Having endured two years of lock-down the girls understood the importance of vaccinations and drew on the successful campaign in the Nairobi settlement of Kangemi to make the case for vaccinations to their own relatives and friends. This has produced 76 jabs so far.
Education is also on the agenda. No fewer than 50 of the 68 girls have yet to complete secondary school and AP and WAP have decided to launch a fund to provide scholarships. Peace Fellow Dawa created a spreadsheet of beneficiaries and estimates the cost at around $24,500 over 3 years. AP will prime the pump with $2,000. Of this, $682 was raised by American High School students who made and sold their own Clean Girl soap in solidarity with the WAP girls - a wonderful example of how Africa can inspire innovation in the US. WAP will contribute $500 from its soap sales to the new fund.
The WAP girls have also drawn on their talent for stitching to produce 30 embroidered blocks that will be offered for sale through a new AP online store this Fall, opening up another source of income. Bobbi and Delaney from AP visited Zimbabwe in the summer to offer advanced training.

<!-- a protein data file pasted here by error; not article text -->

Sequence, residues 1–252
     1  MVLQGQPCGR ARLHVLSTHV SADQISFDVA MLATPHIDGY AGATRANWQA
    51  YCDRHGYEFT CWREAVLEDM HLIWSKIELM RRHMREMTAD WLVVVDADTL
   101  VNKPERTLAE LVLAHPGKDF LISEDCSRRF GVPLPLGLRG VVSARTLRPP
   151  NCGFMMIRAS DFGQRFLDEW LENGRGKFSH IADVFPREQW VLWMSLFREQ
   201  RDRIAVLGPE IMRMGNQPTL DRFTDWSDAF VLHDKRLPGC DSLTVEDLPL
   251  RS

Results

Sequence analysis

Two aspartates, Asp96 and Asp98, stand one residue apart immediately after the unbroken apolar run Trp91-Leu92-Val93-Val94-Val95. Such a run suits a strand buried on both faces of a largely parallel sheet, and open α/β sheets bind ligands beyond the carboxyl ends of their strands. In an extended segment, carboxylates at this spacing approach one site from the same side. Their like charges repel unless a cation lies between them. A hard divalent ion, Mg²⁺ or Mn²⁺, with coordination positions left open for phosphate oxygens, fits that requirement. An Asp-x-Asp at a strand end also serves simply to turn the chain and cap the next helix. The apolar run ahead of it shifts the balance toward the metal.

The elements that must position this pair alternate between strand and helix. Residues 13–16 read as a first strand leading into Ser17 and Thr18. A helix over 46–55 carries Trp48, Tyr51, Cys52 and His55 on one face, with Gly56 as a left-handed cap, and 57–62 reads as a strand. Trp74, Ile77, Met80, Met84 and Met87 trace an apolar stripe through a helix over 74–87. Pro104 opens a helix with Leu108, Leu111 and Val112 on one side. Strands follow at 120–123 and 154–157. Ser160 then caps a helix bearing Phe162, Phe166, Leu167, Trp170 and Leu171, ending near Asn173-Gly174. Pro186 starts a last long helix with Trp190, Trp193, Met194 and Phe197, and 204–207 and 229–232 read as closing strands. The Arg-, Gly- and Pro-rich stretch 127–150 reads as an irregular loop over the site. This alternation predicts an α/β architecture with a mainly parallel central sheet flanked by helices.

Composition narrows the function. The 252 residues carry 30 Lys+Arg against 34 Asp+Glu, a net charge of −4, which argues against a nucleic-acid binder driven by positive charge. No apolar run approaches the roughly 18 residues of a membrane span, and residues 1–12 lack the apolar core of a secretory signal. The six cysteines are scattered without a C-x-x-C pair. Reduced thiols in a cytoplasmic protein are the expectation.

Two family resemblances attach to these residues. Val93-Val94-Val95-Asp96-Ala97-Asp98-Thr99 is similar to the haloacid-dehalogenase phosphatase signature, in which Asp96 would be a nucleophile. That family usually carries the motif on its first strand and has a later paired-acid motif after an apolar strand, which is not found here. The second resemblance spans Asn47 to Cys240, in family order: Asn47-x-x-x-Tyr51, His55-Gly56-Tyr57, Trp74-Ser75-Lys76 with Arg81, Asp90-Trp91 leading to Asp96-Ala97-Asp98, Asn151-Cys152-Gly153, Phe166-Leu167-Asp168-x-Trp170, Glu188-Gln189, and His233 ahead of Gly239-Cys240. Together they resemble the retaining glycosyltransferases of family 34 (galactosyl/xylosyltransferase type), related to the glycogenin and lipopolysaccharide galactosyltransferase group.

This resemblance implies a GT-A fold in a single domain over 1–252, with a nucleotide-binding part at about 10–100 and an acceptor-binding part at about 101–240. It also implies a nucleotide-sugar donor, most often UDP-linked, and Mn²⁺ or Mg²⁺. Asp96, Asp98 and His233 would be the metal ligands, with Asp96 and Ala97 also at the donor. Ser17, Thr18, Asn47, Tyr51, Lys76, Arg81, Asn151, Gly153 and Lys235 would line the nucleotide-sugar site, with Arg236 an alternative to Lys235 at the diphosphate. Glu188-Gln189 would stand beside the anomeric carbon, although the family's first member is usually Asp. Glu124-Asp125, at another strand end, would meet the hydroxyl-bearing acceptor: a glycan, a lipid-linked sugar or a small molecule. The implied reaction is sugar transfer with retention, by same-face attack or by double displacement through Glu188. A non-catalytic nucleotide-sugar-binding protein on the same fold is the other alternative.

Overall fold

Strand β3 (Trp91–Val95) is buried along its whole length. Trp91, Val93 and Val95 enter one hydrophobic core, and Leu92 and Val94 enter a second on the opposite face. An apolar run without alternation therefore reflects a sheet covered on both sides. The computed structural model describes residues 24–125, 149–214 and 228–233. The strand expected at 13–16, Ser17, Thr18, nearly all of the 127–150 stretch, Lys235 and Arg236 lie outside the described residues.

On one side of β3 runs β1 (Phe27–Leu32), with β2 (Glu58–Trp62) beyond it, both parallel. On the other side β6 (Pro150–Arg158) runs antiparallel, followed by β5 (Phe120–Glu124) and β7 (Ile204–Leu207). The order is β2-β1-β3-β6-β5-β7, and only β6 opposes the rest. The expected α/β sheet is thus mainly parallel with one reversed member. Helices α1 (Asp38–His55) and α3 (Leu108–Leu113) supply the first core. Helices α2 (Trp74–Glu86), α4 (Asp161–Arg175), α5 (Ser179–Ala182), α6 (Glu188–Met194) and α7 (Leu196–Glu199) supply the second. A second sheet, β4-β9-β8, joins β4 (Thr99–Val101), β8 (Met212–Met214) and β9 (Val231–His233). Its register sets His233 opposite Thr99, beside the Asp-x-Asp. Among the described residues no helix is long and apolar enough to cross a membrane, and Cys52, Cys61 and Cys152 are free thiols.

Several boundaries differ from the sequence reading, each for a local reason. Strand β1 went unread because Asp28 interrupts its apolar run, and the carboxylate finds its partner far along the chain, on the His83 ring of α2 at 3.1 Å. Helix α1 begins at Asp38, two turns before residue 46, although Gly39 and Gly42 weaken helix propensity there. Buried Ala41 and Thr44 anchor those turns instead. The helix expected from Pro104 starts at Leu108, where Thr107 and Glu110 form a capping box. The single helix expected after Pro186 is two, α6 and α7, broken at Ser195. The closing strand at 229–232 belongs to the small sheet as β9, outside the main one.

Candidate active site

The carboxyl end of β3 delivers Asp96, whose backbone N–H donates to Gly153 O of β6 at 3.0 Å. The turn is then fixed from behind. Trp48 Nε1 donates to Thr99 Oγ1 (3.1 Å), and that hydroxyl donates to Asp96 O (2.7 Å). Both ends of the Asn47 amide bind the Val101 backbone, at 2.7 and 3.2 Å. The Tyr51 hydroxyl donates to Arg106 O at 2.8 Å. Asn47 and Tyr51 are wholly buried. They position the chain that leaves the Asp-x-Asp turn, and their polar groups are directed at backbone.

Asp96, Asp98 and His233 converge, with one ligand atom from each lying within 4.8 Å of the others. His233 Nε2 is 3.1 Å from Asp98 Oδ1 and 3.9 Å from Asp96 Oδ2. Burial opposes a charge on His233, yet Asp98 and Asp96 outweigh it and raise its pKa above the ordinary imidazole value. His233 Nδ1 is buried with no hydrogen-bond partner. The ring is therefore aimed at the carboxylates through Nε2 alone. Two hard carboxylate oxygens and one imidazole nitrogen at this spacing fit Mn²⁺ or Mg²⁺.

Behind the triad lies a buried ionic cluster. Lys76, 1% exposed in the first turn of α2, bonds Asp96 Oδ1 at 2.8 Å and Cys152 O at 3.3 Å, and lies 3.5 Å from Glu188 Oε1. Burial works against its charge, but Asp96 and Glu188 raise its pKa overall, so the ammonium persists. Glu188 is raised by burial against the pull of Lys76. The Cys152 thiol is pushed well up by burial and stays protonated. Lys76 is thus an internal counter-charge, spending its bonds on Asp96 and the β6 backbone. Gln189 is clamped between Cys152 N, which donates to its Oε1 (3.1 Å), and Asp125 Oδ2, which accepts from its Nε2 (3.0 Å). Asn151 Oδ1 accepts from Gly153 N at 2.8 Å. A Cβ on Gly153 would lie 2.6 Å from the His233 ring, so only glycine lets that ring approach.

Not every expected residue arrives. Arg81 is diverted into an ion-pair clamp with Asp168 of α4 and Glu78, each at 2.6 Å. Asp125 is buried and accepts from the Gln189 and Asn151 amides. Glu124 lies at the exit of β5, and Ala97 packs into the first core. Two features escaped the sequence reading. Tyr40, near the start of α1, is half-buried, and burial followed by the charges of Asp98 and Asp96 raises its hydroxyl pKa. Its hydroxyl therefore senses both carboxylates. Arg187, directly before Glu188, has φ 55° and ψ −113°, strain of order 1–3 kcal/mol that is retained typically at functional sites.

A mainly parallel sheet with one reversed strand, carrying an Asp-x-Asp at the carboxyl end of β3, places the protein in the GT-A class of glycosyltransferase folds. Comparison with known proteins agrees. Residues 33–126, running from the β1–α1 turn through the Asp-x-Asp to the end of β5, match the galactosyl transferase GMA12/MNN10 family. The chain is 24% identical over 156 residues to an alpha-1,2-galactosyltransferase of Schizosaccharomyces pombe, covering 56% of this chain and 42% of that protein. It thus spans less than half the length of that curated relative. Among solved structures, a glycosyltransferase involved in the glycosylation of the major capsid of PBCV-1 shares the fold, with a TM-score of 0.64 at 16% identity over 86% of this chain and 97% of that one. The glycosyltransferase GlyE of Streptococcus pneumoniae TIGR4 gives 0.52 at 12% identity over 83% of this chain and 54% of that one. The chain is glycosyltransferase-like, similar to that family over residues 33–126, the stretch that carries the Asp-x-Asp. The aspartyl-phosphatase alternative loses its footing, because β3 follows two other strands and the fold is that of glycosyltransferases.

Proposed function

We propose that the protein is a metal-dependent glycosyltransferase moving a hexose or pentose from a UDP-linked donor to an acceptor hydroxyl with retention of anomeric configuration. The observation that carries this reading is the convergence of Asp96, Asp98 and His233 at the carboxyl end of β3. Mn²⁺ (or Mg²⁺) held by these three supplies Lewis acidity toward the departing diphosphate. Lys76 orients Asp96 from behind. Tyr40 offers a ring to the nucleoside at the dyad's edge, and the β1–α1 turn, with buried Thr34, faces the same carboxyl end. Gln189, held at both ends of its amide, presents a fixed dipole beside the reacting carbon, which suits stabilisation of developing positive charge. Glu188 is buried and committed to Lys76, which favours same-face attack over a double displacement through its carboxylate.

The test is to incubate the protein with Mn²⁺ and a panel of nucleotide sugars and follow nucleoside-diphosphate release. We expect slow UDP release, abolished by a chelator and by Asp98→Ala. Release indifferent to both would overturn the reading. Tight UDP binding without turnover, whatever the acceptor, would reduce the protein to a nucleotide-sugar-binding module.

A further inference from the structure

It is hard to remain immune to the charm of the young WAP soap artists. Bobbi and Delaney, our embroidery trainers, found their enthusiasm infectious and enjoyed their sense of humor (photo). Our Peace Fellow Dawa organized a party to celebrate the opening of the new factory that turned into one long succession of hugs and gifts. As Dawa wrote in a blog: “I know I will cherish these tokens of friendships for a lifetime.”
But at the same time this is a business and tough decisions lie ahead. Dickson, who manages the program, reckons that his four soap producers could make over 50,000 bottles next year and is keen to keep them busy. This could produce as much as $30,000 for WAP.
But would it be enough to cover the increased cost of material? This will be made harder by the fact that one of WAP’s main grants ends in December. Dickson is doing the math and producing a new 3-year plan. He knows that the program will be measured by how soon it can be self-sustaining and will set bench-marks for how to get there.
If this could be achieved by girls who have faced down the pandemic and (in many cases) dropped out of school, it would send a brilliant signal to other hard-pressed urban communities in Africa.
WAP in Harare and AP in Washington
Trish and Bobbi at embroidery training
Preparing Clean Girl soap
Dawa, the 2022 Peace Fellow at WAP
Watching Americans students selling their soap
Celebrating the new soap factory in style!